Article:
Mike Hardman mike at
Mon Aug 21 19:51:31 EST 1995

Several times I have come across references to ants taking seeds of violets 
and other plants into their nests (from wherever they happen to find them), supposedly to 
eat some part of it.  In the case of Viola species, there is an oily attachment (called an 
eliasome) which serves this purpose.  This obviously accomplishes dispersal for the violet, 
so long as the seeds germinate - and one aspect of the theory is that by taking the seeds 
underground, the ants save the seeds from being seen and eaten by birds etc. and provide a
bare patch of earth relatively free from vegetative competition.  But there seem to be quite a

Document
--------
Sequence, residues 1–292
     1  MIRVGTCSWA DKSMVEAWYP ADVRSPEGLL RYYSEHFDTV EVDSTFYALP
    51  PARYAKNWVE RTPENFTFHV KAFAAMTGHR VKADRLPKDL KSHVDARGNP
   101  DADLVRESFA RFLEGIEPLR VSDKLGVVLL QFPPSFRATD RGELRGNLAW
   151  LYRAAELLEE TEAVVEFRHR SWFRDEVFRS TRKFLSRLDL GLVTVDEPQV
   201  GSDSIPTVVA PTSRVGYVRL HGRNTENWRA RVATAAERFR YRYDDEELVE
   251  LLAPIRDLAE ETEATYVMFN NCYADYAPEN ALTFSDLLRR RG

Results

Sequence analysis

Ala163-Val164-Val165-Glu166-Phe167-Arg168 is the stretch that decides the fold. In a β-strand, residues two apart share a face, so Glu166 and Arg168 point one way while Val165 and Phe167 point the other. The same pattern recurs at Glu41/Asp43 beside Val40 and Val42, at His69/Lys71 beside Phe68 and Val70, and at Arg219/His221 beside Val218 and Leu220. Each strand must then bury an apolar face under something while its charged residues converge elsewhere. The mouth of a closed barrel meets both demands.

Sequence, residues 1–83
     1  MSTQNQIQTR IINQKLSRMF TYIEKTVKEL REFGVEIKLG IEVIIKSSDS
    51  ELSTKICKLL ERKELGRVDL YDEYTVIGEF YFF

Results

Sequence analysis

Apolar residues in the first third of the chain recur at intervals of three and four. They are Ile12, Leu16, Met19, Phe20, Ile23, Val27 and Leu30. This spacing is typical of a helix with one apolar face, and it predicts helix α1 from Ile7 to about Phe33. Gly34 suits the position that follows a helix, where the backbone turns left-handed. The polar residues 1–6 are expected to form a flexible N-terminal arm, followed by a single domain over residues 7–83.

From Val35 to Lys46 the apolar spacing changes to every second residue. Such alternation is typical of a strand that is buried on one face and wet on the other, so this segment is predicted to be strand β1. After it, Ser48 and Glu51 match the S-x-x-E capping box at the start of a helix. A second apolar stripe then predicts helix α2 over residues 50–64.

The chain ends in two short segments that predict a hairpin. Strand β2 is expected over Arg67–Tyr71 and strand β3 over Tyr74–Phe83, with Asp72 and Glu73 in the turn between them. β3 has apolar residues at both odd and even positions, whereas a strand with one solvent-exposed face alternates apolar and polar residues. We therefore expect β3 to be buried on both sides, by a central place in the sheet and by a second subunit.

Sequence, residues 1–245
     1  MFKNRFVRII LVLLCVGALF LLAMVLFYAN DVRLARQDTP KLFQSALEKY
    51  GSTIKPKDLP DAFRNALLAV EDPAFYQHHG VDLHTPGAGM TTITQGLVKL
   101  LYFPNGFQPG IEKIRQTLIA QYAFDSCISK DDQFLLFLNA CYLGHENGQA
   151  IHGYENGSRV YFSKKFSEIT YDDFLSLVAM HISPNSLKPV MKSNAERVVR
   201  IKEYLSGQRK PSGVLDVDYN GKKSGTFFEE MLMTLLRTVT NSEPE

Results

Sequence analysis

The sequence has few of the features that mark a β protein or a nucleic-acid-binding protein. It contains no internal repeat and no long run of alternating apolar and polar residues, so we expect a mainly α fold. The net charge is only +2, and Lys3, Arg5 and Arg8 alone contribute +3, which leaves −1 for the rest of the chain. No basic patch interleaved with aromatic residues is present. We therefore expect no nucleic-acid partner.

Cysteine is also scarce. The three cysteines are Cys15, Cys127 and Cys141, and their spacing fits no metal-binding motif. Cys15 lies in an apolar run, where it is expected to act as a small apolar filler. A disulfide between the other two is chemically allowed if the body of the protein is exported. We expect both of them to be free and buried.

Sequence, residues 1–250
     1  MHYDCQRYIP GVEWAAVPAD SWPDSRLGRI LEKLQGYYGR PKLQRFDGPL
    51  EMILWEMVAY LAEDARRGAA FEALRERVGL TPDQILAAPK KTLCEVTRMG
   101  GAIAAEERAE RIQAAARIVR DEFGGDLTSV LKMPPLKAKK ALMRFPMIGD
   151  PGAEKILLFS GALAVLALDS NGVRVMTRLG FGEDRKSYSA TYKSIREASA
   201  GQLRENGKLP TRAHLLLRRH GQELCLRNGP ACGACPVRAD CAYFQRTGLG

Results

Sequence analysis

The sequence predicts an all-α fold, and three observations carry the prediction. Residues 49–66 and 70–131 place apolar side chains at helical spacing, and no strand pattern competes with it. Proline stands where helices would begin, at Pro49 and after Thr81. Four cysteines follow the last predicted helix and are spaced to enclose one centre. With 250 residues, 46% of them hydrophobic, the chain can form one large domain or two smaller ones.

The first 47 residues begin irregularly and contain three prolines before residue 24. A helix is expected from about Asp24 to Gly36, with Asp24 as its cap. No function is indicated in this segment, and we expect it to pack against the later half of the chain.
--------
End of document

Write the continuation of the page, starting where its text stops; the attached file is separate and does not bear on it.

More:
few provisos, which I have not heard adequate explanations for - like the seeds not being 
buried too deeply.  Personally, I also can't help noticing the similarity of the eliasome to 
ants' 'eggs' or pupae - you know when you damage an ant hill how keen the ants are to 
move the exposed 'eggs' back under ground...  I have tried placing eliasome-bearing Viola 
seeds in ants' paths but have not yet seen one pick it up and run off with it.  But other 
colleagues say they have. 
If you discover or confirm anything to do with ants and violets, please email me; thanks.
s336036 at (Bryan Finney) wrote:
>I'm currently doing an assignment on the relationships between ants and 
>plants and would be grateful if someone could send me some information on 
>the topic, or some places where I could look.

Mike Hardman;  Aldershot, Hampshire, UK
 Photographer:  Natural history, Landscapes, +
 Writer:  Botany, Sci-Fi, +
 Computer(?):  Database Consultant, Mac, Unix, VMS

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